• Incident reporting procedures in place and added to the Waterproofing SWMS
  • Exclusion zones when conducting waterproofing work
  • Risk Assessment for TASK completed and noted on the Waterproofing SWMS
  • Electrical NO GO ZONES identified, discussed and documented.

Assessment of Site Conditions

Thoroughly assess the work site/area conditions when excavating and ensure that:

  1. A risk assessment of the waterproofing work is conducted
  2. Suitable access and adequate space to conduct water proofing work safely
  3. Consult with all stakeholders on potential hazards and risks when conducting waterproofing work
  4. Consultation with all relevant workers and personnel for Waterproofing SWMS details
  5. If conducting Waterproofing at night, ensure there is adequate lighting
  6. Check that the work environment is suitable for waterproofing work

Waterproofing Training and Worker Qualifications

Ensure all workers have the appropriate licenses in conducting Waterproofing as well as any qualifications that may be required for various waterproofing projects before starting work. If White Cards are required, retain copies of all cards, licenses and qualifications of personnel.

All personnel must:

  1. Be trained and/or have received instructions on the Waterproofing SWMS including all safety and emergency procedures.
  2. Be qualified, knowledgeable and competent in Waterproofing operations and waterproofing work as well as all delegated tasks/responsibilities
  3. Be fully aware and understand the scope of work in relation to the Waterproofing SWMS 

Below are some examples of some Control Measures to be implemented when creating your own Waterproofing Safe Work Method Statement Template:

  • Always nominate a supervisor or a foreman to liaise with the principle contractor.
  • Ensure all employees wear their PPE, eye protection, safety boots and respirator.
  • Use toolbox talk to Inform all employees of the contents of the Material Safety Date Sheets (MSDS) for all the hazardous substances being used.
  • Provide all employees with appropriate UV protection, including SPF 30+ cream and safety helmets with neck flaps.
  • Preferably, do not programme works at high-risk times.
  • Always provide artificial shade.
  • Ensure coordination with site management when unloading materials in designated loading areas.
  • Ensure forklift driver holds appropriate ticket for operating.
  • Ensure load is secure to prevent materials falling from the load during transportation.
  • If unloaded by hand, make sure proper manual handling techniques are used.
  • Ensure loads above 20kg are not lifted by one person. Use trolleys and wheelbarrow to move materials. Ensure material is secure during transportation.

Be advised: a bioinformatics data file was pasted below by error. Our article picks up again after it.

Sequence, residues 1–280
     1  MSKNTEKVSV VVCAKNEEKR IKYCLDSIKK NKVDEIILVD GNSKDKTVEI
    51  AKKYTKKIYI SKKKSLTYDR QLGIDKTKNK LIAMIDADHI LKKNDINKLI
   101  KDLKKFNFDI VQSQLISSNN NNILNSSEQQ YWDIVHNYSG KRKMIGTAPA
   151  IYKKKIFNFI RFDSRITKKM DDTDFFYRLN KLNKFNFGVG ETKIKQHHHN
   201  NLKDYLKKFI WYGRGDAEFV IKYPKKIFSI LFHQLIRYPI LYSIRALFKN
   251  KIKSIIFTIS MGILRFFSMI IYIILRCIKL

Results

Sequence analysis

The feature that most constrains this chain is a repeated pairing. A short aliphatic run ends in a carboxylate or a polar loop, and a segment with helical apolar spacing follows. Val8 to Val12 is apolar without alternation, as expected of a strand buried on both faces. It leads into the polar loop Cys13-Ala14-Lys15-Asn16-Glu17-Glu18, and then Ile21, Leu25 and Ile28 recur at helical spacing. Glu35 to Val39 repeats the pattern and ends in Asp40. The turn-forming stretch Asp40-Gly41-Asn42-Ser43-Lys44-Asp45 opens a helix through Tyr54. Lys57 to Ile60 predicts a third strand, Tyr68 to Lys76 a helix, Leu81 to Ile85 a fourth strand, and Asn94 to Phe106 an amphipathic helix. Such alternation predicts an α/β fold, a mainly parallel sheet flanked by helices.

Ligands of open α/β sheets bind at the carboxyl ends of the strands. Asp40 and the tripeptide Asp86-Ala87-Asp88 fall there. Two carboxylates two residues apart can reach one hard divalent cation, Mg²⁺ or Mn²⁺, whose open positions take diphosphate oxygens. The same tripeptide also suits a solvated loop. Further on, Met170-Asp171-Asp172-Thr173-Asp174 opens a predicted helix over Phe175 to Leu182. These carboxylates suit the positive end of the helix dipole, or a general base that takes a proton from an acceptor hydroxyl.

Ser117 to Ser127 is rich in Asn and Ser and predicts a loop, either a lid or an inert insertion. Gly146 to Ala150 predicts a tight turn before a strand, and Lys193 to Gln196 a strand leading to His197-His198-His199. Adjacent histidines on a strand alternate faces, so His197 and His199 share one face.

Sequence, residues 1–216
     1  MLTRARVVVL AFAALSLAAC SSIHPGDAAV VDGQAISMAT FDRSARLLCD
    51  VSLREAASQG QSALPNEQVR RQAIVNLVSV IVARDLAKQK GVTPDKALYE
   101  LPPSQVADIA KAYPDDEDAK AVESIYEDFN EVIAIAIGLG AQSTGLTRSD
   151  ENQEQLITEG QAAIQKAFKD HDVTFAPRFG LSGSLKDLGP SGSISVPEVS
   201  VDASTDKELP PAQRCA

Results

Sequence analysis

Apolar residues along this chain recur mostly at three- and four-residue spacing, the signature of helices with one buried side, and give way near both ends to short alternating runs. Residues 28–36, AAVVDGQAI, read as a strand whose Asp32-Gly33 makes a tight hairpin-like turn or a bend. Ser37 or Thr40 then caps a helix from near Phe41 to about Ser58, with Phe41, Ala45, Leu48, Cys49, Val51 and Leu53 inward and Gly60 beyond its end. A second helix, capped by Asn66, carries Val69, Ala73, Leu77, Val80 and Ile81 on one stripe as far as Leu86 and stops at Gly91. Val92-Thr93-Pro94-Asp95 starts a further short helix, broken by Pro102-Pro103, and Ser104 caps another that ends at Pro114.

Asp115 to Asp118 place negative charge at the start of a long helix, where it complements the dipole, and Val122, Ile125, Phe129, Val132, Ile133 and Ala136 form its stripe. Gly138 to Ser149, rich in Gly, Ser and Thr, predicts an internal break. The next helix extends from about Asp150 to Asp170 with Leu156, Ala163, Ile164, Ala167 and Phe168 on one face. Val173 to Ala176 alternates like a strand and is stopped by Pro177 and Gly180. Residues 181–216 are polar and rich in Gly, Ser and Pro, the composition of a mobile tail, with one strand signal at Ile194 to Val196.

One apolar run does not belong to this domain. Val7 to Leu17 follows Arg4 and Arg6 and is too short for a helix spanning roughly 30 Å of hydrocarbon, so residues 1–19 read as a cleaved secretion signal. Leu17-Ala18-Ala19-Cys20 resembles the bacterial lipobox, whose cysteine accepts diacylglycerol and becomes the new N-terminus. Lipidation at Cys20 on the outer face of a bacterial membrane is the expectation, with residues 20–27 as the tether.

• For working at heights, ensure appropriate edge protection or fall restraint system is in place to protect worker from falling.
  • Ensure workers are wearing heavy duty PVA gloves.
  • Ensure eye protection is being worn.
  • Ensure organic vapour respirator is being worn.
  • Ensure no ignition sources are in the vicinity during this  process.
  • Barricaded off the area and post no entry signage.
  • Ensure only flint gun is used to light torch, and NO cigarette lighters or matches are used.
  • In the event of a fire, turn off supply if possible. If not,DO NOT extinguish, rather evacuate area and notify the Principle Contractor andEmergency Services, as re-ignition and explosion could occur.
  • Always keep fire extinguisher in the area.
  • Always use only in a well-ventilated area. If the area cannot be adequately ventilated, wear an organic vapour respirator.
  • Wear heavy-duty gloves when handling hot bitumen.
  • Ensure there are no ignition sources or combustible materials in the work area.
  •  Always nominate a supervisor or a foreman to liaise with the principle contractor.
  • Ensure all employees wear their PPE, eye protection, safety boots and respirator.
  • Use toolbox talk to Inform all employees of the contents of the Material Safety Date Sheets (MSDS) for all the hazardous substances being used.
  • Bring to the site MSDS required for all substances.
  • Provide all employees with appropriate UV protection, including SPF 30+ cream and safety helmets with neck flaps.
  • Preferably, do not programme works at high-risk times.
  • Always provide artificial shade.
  • Ensure coordination with site management when unloading materials in designated loading areas.
  • Ensure forklift driver holds appropriate ticket for operating.
  • Ensure load is secure to prevent materials falling from the load during transportation.
  • If unloaded by hand, make sure proper manual handling techniques are used.
  • Ensure loads above 20kg are not lifted by one person. Use trolleys and wheelbarrow to move materials. Ensure material is secure during transportation.
  • For working at heights, ensure appropriate edge protection or fall restraint system is in place to protect worker from falling.
  • Ensure workers are wearing impervious gloves.
  • Ensure eye protection is being worn.
  • Ensure appropriate respirator is worn, refer to MaterialSafety Data Sheet (MSDS) - must conform to AS/NZS 1715, Selection, Use andMaintenance of Respiratory Protective Devices; and AS/NZS 1716, RespiratoryProtective Devices.
  • Barricaded off the area and post no entry signage.
  • Ensure usage only in a well-ventilated area (provide fans if necessary).
  • Until the membrane is dry, keep the area barricaded off and post signage no access or similar.
  • Make sure all waste material is removed from work area.

National: View the Model Codes of Practice for Excavation Work on Safe Work Australia's website here.
Victoria: Victoria's Code of Practice for Excavation Work may be viewed on Work Safe Victoria's website here.